For most people it seems to be in our nature to romanticize our youth. As the stresses of the present and the tyranny of the immediate monopolize our attention and energies, many of us tend to think of our past as a golden age full of opportunities and potential that time, choices (good and bad), and responsibilities have stolen from us. When I think back to when I was 18 (as I am 36 this was literally half my lifetime ago) I certainly miss some things: the energy level (remember when sleep was an option?), the belief that there was always something better around the bend, and the seemingly limitless opportunities that the world held for those who were willing to work for them. More than anything else I miss the sense of absolute certainty in my perception of the world. Up was up, down was down, right was right (and easy to discern), wrong was wrong, and the Lord was working in everything.
I miss those certainties because it seems nowadays that all I have are doubts. And these doubts have lead me into a seriously dark valley in my journey of discipleship. The irony of this is that the externals of my life have never been better than they are now. I am in the first year of marriage to a woman that I love more than life itself. I have a good job with a bright future, and in a year and a half I will have a degree that will only brighten that future. What’s more, despite the schedule I have to keep and the demands of dealing with Dr. Sunshine, I am having the best educational experience of my life. The work is challenging and satisfying. Most of my professors are excellent. I have made great friends among my classmates and seem to hold the genuine respect of the students and faculty where I attend. The rest of my family continues to enjoy good health. My wife and I are surrounded by people that we are proud to call our friends. I lead a life blessed far beyond what I deserve. So how can I have doubt?
- I have doubt when a 38 year old mother of four, who did so much to spread the gospel and ease the suffering of others, dies of leukemia; leaving behind her husband to raise their children alone.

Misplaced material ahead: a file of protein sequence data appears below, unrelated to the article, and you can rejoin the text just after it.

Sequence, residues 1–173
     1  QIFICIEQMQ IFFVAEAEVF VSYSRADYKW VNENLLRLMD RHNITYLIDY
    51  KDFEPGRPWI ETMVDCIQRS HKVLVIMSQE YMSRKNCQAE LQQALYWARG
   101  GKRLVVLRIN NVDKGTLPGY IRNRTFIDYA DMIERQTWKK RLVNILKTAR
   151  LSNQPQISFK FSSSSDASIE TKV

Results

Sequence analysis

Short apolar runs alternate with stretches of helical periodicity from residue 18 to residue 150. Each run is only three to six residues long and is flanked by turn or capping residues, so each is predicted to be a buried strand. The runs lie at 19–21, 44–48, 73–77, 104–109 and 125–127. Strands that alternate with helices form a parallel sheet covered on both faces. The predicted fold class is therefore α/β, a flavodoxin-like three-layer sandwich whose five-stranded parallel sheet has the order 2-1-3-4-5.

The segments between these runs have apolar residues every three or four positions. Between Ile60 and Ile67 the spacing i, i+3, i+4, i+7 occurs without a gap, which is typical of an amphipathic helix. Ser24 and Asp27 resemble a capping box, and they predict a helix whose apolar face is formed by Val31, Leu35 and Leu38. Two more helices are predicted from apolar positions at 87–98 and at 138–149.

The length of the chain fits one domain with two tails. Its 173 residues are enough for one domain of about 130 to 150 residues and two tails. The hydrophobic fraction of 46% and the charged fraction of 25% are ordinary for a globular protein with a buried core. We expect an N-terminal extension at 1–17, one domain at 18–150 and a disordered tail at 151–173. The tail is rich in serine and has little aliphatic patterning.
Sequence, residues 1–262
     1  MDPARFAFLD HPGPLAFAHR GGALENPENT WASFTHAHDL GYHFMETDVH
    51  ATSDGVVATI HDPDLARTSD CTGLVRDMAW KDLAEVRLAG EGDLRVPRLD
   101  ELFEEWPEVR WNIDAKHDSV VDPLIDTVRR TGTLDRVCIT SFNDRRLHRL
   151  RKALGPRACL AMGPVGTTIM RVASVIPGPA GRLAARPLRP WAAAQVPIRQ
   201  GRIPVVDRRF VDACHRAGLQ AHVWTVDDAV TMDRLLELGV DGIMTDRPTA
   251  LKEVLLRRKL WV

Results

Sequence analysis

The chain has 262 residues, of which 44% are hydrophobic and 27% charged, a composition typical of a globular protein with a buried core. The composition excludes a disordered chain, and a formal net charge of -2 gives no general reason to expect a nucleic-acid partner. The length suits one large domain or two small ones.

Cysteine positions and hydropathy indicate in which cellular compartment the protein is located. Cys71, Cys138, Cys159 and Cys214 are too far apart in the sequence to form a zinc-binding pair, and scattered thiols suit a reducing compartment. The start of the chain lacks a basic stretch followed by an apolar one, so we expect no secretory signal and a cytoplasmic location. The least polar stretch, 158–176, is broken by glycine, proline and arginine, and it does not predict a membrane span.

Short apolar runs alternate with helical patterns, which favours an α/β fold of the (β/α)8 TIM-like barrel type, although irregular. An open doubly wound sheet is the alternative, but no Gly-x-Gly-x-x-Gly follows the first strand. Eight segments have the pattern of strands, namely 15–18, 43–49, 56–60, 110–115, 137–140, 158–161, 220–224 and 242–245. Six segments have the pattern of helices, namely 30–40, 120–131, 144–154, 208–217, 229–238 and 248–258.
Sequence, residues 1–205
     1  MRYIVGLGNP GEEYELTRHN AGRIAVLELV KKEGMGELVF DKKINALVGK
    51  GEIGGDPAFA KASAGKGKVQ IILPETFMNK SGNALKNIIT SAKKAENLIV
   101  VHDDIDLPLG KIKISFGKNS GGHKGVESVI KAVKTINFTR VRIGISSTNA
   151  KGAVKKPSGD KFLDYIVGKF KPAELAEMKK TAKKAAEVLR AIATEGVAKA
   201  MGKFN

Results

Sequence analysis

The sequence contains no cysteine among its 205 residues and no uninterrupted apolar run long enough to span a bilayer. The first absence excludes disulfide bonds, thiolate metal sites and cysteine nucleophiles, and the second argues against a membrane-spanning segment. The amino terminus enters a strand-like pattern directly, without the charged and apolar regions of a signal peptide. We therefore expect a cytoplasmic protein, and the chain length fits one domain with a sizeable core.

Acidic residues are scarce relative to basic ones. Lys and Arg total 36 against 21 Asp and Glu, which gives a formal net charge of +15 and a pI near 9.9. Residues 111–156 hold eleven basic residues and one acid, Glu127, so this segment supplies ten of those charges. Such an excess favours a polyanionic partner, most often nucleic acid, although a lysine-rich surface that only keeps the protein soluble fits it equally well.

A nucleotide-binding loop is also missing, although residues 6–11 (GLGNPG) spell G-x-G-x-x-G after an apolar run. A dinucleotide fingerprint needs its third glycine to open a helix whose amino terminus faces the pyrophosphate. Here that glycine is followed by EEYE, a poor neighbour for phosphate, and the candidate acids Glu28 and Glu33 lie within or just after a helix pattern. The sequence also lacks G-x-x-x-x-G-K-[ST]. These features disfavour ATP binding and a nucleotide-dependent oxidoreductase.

- I have doubt when a 42 year old man, an FBI agent and father of five, one of the best layman Christian apologists I have ever known, is stricken with bone cancer and is fighting desperately to live long enough to see his children grow up.
- I have doubt when I hear the lies of false prophets and know that many people will believe them, whether those lies are “God hates fags” or “God wants a mansion and he wants me to live in it.”
- I have doubt when I think of the necessity of St. Jude’s Hospital.
- I have doubt when I realize that the Left Behind series is more widely read today than anything by Dietrich Bonhoeffer.
- I have doubt when one of my clients tells me about how at the age of 8 her mother started taking her along on a trip to Southeast Washington D.C. so that Mom could score some crack.
- I have doubt when believers spend more time fighting about how to be the body of Christ than actually being the body of Christ.
- I have doubt because I rarely, if ever, hear doubt discussed in a meaningful way in the church.
How do any of these things glorify God?
Please don’t misunderstand; my will to believe is strong. I regularly read the literature of theodicy and apologetics. I understand that this is a fallen world, not at all what the Lord intended for us. I make every effort to “Always be prepared to give an answer to everyone who asks you to give the reason for the hope that you have. But do this with gentleness and respect,” (1 Peter 3:15). I have no interest in giving up my faith. But willpower and academic understanding are not enough to sustain me in this valley.
I guess that the reality of the race analogy that Paul uses so frequently in his letters is coming home to me. Although it seems that the life of faith is more a marathon than a sprint; the goal is not finish first but just to finish, even if you have to crawl across the line with your tongue hanging out to do so.
So I put it to you other believers out there – do you have doubts? Not just things you cannot explain but things that really make you stop in your tracks and reassess why you believe what you believe? What do you do in response? How do we address these issues in a meaningful way with non-believers?
So as not to be a downer, my next post will be on “Why I Believe In Spite of My Doubts.”